Call Center Turnover

How to Prevent Turnover in Your Call Center

by Sharlah-Ann Beckford

With average staff attrition rates hitting 50%, now is the time to take action to prevent high turnover in your call center.

In almost every call center across the USA, employee retention is a hot topic.

In fact, the average annual turnover rate has risen to 50%.

According to a survey by New York-based William M. Mercer Inc., 45% of companies report turnover costs of more than $10,000 per employee. One-fifth of respondents estimate costs at more than $30,000 for each lost worker.

The entire recruitment process can prove to be a very costly undertaking as resources and time are put into recruitment (which would include advertising the job), interviews and testing, orientation and training. Not only is turnover expensive, it also decreases employee morale.

However, there are ways that you can ensure that your call centre does not get hit with those high attrition rates:

(1) Revamp Your Hiring Strategy


One of the problems with turnover in a call center is that prospective employees don’t know what they are getting themselves into. Employees are hired; they attend orientation, and then spend a few weeks in training. After training, they hit the floor, and realize that the job is nothing like they expected.

According to a recent study on hiring costs at 54 Fortune 1,000 companies, hiring the wrong call center representative often costs nearly 26 times the average salary.

We have to make sure that that we get it right the first time.

- Don’t hire based on a gut feeling.

- Be proactive by conducting pre-hire screens and test for skills, attitudes and behaviors required for the job.

- Give prospective employees a realistic job preview.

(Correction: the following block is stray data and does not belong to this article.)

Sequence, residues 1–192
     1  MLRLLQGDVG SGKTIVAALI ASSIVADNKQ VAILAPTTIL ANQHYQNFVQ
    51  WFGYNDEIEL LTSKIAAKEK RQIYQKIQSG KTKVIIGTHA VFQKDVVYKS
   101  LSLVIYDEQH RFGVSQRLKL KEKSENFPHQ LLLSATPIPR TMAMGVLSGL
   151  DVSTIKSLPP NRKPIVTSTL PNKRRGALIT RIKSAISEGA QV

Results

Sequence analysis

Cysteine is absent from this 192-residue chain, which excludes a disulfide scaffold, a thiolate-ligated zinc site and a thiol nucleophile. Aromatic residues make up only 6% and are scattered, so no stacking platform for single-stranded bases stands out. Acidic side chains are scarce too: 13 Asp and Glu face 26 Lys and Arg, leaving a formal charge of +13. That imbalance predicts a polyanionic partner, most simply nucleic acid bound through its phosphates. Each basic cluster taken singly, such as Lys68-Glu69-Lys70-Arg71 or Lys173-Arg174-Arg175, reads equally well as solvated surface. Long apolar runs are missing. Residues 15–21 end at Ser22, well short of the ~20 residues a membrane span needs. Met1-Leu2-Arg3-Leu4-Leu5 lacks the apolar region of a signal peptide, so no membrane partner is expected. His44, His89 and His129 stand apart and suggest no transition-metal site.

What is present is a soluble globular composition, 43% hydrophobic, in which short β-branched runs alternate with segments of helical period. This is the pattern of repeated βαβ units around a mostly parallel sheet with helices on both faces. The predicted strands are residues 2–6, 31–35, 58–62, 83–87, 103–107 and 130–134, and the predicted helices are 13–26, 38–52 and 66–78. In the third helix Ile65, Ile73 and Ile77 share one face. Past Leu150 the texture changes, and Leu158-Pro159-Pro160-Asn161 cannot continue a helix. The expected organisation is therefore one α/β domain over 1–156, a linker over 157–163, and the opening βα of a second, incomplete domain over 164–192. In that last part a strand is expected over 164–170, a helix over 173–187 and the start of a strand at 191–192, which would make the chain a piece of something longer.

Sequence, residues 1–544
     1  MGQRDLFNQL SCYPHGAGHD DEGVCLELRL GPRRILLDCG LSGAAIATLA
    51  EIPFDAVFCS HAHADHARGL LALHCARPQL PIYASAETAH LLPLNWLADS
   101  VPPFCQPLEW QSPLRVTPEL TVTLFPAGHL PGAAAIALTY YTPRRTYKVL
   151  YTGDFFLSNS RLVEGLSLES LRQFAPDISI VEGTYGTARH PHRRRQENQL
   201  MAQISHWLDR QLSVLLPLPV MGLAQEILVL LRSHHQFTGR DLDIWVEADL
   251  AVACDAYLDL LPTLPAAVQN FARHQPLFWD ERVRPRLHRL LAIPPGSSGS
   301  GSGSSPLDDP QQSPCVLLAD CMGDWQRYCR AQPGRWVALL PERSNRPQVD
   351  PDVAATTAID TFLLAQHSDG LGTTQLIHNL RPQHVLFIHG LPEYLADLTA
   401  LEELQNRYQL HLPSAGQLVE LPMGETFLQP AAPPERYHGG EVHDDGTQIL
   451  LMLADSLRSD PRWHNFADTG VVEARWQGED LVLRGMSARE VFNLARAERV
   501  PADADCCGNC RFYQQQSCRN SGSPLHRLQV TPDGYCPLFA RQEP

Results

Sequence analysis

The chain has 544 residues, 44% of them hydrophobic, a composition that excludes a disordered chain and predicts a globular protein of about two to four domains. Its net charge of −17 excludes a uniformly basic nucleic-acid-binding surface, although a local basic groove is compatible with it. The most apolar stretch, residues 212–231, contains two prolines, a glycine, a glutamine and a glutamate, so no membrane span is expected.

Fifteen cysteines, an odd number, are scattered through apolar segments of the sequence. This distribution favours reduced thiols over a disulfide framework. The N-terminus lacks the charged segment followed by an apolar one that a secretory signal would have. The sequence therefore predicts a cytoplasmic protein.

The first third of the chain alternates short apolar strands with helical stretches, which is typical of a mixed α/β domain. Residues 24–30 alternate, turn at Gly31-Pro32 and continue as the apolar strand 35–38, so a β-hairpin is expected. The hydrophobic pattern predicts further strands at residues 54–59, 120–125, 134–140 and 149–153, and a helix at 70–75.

(2) Abolish the Boring Call Center Factor


Most employees in a call centre spend most of their time on the phones. Most centers require that you take anywhere from forty to a hundred calls per day.

Let’s face it, after doing the same thing all day, every day, the job can get boring, and, if you’re not careful, the work environment of your call center can be similar to that of a sweatshop.

- Create a fun atmosphere by having frequent special events.

- Make the job more fulfilling: Enlarge the job by giving more responsibility.

- Offer Job rotation by involving agents in engaging and challenging off-phone tasks and projects

(3) Manage Employee Performance and Encourage Employee Development


One of the problems with the average call center job is that most employees view it as, well, just a job. In a survey conducted by the Customer Group LLC, the number one reason that employees left the job was that there was no career path.

- Adopt a system where employees are required to select a career path.

- Encourage call centre agents to shadow employees who are currently in their goal position.

(4) Recognize and Reward


A little bit of recognition can go a long way. Employees who are happy at work and feel appreciated are more likely to be more dedicated to their work. Employees should feel like they are more than a voice answering the phones.

- Recognize and track the employees’ performance along the way.

- Offer both cash and non financial incentives such as awards and gift certificates.

- Adopt a pay for performance compensation system.


About the Author

Sharlah-Ann Beckford.